Contrave is combination of naltrexone, an opioid antagonist, and bupropion, an inhibitor of the neuronal reuptake of dopamine and norepinephrine.
Contrave is specifically indicated as an adjunct to a reduced-calorie diet and increased physical activity for chronic weight management in adults with an initial body mass index (BMI) of: 30 kg/m2 or greater (obese) or 27 kg/m2 or greater (overweight) in the presence of at least one weight-related comorbidity.
Contrave is supplied as an extended release table for oral administration. Dosing should be escalated according to the following schedule:
Week 1: Morning dose: 1 tablet Evening dose: no tablet
Week 2: Morning dose: 1 tablet Evening dose: 1 tablet
Week 3: Morning dose: 2 tablets Evening dose: 1 tablet
Week 4 - Onward: Morning dose: 2 tablets Evening dose: 2 tablets
Patients using Contrave at the maintenance dose should be evaluated after 12 weeks to determine if the treatment is working. If a patient has not lost at least 5 percent of baseline body weight, Contrave should be discontinued.
Contrave has the potential to cause suicidal thoughts and behaviors and neuropsychiatric reactions.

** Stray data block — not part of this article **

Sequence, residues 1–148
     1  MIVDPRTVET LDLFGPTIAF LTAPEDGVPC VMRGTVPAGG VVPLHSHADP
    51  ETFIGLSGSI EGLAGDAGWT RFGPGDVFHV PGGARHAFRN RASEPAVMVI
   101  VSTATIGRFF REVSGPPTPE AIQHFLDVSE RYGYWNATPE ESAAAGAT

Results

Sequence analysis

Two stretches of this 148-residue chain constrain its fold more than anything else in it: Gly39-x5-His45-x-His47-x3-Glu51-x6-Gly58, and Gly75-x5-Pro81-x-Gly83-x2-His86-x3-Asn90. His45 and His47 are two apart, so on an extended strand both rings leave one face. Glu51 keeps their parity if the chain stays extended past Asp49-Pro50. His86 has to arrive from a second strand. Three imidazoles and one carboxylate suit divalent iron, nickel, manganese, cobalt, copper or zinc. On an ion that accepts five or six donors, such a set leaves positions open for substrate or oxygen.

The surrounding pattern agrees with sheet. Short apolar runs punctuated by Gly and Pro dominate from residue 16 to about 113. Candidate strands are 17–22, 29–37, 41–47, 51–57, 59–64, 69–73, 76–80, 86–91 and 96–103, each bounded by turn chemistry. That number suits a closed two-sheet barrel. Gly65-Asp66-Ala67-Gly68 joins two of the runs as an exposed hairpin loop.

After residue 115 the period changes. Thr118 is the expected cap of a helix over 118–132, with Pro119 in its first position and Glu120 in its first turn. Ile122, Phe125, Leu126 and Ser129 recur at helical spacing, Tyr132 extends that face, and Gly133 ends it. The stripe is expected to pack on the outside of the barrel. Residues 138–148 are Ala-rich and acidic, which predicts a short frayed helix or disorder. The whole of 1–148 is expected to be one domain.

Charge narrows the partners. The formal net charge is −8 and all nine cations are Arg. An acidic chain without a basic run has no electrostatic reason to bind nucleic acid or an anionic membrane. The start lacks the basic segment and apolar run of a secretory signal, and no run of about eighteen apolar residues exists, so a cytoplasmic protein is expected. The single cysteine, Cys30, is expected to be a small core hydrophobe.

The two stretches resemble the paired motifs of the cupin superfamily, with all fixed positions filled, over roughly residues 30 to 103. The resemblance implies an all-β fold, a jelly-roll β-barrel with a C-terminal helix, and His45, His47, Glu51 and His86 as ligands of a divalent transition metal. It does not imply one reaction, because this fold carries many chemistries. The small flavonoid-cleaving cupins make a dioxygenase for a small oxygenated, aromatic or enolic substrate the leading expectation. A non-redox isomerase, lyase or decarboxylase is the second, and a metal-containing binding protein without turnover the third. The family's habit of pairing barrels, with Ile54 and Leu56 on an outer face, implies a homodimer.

The FDA approval of Contrave was based on multiple clinical trials that included approximately 4,500 obese and overweight patients with and without significant weight-related conditions treated for one year. All patients received lifestyle modification that consisted of a reduced- calorie diet and regular physical activity.
Results from a clinical trial that enrolled patients without diabetes showed that patients had an average weight loss of 4.1% over treatment with placebo (inactive pill) at one year. In this trial, 42% f patients treated with Contrave lost at least 5 percent of their body weight compared with 17% of patients treated with placebo. Results from another clinical trial that enrolled patients with type 2 diabetes showed that patients had an average weight loss of 2% over treatment with placebo at one year. In this trial, 36% of patients treated with Contrave lost at least 5 percent of their body weight compared with 18% of patients treated with placebo.
Adverse effects associated with the use of Contrave may include, but are not limited to, the following:
Contrave is combination of naltrexone, an opioid antagonist, and bupropion, an inhibitor of the neuronal reuptake of dopamine and norepinephrine. Nonclinical studies suggest that naltrexone and bupropion have effects on two separate areas of the brain involved in the regulation of food intake: the hypothalamus (appetite regulatory center) and the mesolimbic dopamine circuit (reward system). The exact neurochemical effects of Contrave leading to weight loss are not fully understood.
For additional information regarding Contrave or chronic weight management, please visit http://www.takeda.us/